We live in a world full of violent imagery. Some of this is factual some of it fictional. Our teenage children are as much submerged in this world as any of us. Some fifteen year olds are immensely sensitive to this aspect of our visual world, others seem immune to it, whilst others seem almost to crave it.
As someone who teaches art and visual culture I see at least part of my task as helping the young people I teach to engage and understand the nature of the images that they are constantly bombarded with, be that through the news media, social media, art or advertising. It is a form of visual literacy, developing an appreciation and understanding for the visual world around us.
Particularly when referring to images of violence in war this brings me and my pupils into a sensitive areas and raises questions about what I can show them in a lesson situation and what is appropriate. I was confronted this week by exactly this dilemma. It came within the context of a cross-curricular project week on the theme of war and peace. Most timetable subjects participate and twist their lesson material in such a way that it touches on this shared theme in one way or another.
In my art course I had planned a couple of lessons. The first one of which was simply to take a look at how the presentation of conflict has changed through the centuries and how we the viewer are affected by what we see and what the creator of the artwork or photographer wanted us to think. We talked about battlefield images ranging from those on Ancient Greek ceramics, the Bayeux Tapestry, the Medieval conflicts depicted during the Renaissance. I gradually brought the developments through the centuries and reached the hugely significant moment around the beginning of the nineteenth century where we go from the heroic images of Napoleon on the battlefield to the victim of war being pushed to centre stage in Goya’s 3rd May. From then on the nature of the imagery becomes a whole lot more confrontational as we move through the First and Second World War.
Most of what I show my groups of fourteen and fifteen year olds are paintings. But by the second half of the twentieth century it is difficult to ignore the place of photography and to help me cover this I have an interesting film about World Press Photography award winning images. The film discusses a number of photographs, but two in particular are dealt with at length. Firstly, the iconic image made by Eddie Adams of a street execution in Vietnam. It’s a shockingly confrontational image, and one that I remember thinking long and hard about in the past as to whether to show it to my pupils or not. It is also an image that is embedded in our visual culture and I know now that many in the class will have come across the photograph in other contexts. Seen alongside Goya’s image of execution it presents an excellent opportunity to consider how the tools of the painter and photographer allow to experience moments of extreme destruction, what are the advantages and disadvantages of the different media? Why do we feel what we do when viewing the images?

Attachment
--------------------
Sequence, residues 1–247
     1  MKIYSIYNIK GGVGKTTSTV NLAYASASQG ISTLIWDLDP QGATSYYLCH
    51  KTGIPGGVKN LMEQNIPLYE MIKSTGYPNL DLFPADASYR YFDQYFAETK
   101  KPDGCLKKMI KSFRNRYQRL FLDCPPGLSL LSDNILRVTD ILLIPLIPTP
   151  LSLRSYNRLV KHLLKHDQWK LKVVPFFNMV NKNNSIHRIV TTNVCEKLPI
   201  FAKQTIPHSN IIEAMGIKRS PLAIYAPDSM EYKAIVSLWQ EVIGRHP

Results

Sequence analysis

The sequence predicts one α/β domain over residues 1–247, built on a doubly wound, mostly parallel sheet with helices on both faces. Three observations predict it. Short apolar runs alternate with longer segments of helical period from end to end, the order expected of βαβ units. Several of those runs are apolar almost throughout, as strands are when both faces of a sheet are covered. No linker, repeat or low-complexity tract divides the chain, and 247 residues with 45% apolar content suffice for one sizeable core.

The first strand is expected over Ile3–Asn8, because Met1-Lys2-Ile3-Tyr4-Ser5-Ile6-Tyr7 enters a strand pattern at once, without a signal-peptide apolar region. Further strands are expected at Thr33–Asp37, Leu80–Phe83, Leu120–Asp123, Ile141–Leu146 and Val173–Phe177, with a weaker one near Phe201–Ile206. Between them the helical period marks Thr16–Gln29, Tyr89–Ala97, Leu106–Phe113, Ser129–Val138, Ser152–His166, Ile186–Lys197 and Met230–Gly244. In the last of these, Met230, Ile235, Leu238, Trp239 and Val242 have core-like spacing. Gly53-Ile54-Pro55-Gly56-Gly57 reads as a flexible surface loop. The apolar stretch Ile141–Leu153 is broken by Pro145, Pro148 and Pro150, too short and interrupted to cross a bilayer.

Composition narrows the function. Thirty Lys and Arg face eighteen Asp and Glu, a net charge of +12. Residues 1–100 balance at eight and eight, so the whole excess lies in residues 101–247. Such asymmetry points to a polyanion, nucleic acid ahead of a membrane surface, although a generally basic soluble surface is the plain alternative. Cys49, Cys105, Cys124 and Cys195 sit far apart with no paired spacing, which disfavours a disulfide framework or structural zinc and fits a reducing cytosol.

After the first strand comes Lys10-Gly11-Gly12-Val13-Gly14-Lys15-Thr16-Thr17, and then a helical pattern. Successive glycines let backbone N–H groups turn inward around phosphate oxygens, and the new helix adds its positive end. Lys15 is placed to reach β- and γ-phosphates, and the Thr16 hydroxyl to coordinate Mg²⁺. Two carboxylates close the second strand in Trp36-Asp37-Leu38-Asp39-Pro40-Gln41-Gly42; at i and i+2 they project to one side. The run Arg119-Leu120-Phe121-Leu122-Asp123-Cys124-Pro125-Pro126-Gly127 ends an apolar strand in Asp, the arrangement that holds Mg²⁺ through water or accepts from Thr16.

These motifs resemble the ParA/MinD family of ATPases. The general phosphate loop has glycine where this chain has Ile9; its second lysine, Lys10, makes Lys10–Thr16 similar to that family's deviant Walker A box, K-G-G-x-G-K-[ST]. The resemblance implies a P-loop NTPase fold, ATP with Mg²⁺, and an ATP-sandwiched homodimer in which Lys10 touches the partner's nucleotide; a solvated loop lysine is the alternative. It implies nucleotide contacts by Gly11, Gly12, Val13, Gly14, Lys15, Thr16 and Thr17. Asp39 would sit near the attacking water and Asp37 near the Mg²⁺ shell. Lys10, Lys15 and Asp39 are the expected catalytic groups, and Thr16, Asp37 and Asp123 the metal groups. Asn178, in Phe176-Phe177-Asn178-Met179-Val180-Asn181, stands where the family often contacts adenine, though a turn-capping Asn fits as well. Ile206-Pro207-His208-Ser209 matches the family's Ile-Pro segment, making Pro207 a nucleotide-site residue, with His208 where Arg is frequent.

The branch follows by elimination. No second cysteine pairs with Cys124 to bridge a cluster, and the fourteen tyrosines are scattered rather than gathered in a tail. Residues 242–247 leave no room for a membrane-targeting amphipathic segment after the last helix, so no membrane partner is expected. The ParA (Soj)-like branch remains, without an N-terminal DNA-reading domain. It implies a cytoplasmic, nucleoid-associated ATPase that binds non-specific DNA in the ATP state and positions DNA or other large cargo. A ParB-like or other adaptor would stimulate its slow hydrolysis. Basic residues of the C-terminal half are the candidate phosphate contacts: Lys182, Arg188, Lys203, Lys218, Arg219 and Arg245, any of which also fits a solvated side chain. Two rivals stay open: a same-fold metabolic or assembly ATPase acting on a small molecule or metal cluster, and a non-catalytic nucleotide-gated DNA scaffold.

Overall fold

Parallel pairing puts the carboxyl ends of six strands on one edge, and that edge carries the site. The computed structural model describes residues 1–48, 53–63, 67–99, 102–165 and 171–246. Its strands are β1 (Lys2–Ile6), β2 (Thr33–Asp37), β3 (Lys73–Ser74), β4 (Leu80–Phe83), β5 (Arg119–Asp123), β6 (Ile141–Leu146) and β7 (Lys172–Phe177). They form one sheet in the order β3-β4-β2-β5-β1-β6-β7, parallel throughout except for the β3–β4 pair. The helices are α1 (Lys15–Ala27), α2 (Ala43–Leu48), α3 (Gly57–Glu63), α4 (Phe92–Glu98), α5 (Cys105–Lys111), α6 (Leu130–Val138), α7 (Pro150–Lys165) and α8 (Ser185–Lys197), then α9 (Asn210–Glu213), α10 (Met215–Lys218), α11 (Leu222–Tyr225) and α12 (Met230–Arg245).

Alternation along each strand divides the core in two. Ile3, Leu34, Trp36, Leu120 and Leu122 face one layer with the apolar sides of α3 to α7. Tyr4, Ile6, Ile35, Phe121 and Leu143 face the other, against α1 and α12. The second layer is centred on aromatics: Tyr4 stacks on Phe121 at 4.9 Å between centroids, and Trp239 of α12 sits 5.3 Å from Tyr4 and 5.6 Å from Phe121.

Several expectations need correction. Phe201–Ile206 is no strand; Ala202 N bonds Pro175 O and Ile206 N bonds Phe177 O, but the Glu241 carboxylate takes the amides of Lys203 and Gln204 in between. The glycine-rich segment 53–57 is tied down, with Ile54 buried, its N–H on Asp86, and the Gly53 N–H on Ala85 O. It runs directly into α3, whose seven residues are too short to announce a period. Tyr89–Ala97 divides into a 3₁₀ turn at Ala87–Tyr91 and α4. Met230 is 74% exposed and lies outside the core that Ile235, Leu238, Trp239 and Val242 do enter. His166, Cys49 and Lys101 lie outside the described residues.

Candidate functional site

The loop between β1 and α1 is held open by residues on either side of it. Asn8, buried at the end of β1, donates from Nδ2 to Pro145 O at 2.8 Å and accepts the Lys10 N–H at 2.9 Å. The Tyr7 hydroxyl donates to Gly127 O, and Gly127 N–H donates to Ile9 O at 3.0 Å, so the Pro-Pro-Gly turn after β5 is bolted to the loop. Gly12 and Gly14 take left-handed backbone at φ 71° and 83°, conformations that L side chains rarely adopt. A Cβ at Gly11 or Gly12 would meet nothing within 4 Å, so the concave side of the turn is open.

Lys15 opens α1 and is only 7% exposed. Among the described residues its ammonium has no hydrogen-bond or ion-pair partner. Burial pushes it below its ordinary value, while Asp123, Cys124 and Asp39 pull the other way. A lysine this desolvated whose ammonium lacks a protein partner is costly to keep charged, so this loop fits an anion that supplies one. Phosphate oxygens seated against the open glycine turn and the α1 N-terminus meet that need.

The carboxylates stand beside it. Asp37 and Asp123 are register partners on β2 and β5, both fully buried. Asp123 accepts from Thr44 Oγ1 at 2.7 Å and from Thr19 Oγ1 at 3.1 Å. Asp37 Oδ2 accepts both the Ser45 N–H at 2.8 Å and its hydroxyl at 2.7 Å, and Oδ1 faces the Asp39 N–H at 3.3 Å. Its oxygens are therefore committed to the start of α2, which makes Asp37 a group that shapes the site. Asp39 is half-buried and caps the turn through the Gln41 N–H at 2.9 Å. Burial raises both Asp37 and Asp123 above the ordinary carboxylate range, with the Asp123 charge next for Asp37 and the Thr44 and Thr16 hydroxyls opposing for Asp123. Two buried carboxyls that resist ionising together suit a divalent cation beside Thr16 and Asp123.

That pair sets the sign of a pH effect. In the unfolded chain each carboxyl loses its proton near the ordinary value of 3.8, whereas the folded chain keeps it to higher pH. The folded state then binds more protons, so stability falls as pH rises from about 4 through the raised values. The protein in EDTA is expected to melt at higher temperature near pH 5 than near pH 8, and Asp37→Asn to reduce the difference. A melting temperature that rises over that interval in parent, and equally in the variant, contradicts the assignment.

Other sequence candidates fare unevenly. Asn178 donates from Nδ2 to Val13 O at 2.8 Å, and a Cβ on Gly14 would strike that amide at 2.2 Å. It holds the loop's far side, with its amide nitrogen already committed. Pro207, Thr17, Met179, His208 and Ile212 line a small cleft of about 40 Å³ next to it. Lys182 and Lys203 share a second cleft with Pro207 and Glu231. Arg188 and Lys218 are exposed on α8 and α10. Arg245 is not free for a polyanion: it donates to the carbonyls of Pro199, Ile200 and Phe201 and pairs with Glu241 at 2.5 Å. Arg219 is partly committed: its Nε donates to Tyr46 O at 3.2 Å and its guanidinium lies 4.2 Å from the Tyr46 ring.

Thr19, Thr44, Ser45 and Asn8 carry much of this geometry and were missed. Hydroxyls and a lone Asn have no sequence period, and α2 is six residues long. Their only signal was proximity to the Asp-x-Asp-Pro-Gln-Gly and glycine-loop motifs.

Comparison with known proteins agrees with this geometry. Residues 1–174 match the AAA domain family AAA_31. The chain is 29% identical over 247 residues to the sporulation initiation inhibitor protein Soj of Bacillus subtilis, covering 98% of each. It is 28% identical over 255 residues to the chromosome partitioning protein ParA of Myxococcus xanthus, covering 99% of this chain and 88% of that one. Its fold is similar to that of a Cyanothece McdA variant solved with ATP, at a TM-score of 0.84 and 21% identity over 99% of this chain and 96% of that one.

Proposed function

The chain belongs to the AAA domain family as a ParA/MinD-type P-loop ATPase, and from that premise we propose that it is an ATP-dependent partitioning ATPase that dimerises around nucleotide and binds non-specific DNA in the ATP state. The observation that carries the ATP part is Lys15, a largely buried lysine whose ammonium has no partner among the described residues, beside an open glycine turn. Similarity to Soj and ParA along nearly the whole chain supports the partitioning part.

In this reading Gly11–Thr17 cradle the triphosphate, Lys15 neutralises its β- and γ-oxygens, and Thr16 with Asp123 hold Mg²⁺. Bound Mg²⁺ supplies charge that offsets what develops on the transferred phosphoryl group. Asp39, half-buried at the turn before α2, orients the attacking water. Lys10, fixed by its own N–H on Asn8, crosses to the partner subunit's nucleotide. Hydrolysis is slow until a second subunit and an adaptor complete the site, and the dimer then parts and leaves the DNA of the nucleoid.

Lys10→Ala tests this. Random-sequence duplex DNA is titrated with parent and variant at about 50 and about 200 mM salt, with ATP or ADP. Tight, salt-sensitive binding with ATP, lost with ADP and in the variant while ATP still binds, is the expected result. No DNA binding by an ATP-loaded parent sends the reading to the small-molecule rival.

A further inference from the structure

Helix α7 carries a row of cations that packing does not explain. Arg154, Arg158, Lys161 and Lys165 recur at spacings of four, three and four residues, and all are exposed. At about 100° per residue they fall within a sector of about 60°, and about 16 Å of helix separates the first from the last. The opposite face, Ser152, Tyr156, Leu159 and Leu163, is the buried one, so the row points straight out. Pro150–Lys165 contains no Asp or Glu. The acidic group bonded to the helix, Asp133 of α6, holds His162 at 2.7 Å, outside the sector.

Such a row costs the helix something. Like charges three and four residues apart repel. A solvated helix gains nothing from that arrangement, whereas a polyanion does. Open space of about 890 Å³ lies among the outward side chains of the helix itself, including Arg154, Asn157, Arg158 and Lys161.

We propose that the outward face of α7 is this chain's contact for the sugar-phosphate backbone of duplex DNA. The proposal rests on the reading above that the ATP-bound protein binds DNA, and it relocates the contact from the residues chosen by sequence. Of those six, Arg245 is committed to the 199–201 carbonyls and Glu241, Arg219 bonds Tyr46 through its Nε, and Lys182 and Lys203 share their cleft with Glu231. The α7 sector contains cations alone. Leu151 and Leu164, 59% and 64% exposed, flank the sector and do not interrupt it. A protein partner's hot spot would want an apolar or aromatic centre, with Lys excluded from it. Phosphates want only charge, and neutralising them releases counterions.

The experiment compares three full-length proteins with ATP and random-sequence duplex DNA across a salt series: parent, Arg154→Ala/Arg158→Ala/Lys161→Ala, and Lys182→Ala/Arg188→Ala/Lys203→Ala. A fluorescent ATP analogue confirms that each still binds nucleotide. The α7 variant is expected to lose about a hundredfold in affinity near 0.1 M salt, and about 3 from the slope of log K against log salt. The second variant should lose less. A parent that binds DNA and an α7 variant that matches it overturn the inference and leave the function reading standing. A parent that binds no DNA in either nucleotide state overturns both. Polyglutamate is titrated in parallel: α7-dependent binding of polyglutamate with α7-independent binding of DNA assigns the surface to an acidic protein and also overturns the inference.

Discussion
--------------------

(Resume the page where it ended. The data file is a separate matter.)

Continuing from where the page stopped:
Perhaps more importantly though, it is a particular land mark in the sort of journalistic photography that we (my pupils included) are confronted with all too often in a news reporting context. Offering the pupils, a greater understanding of how we respond to these sorts of images is certainly worth doing. It raises a plethora of questions that can be discussed and the pupils themselves have plenty to opinions and ideas to bring to the discussion, the place in our lives of imagery of real and fictional violence being a particularly interesting one to have.
But does this mean that I can show my pupils anything and everything? The second photograph in the film, David Turnley’s helicopter interior form the first Gulf War back at the beginning of the 1990s. It’s a powerful image that doesn’t show the violence as much as the results and consequences of the violence as a fully kitted out American soldier sits crying next to the body of his friend that is concealed in a body bag. I wouldn’t hesitate to show and discuss this image with my fourteen and fifteen olds. Yet in the same film there is a twenty second sequence where I turn the screen off. It shows the results of the bombing of the Iraqi column of vehicles that were bombed when they were fleeing Kuwait. I draw the line at showing the graphic images of this monumental destruction with its burnt bodies and unimaginable suffering.
My action of turning the screen off (and explaining why) always prompts discussion. Like I said at the start some teenagers seem almost to crave this sort of imagery. I feel no inclination to feed this craving in my lessons, but I do want to lead my pupils to seriously consider the journalistic photographs that report the world around us. It is a fine line to tread on occasions, a point that was brought home to me this week by a pupil who expressed nervousness when searching for her own images to be used in a related project didn’t want to be confronted by shocking photographs from the battlefield. A reason to tread cautiously, but not one to step away from the subject.
Other war and art related projects: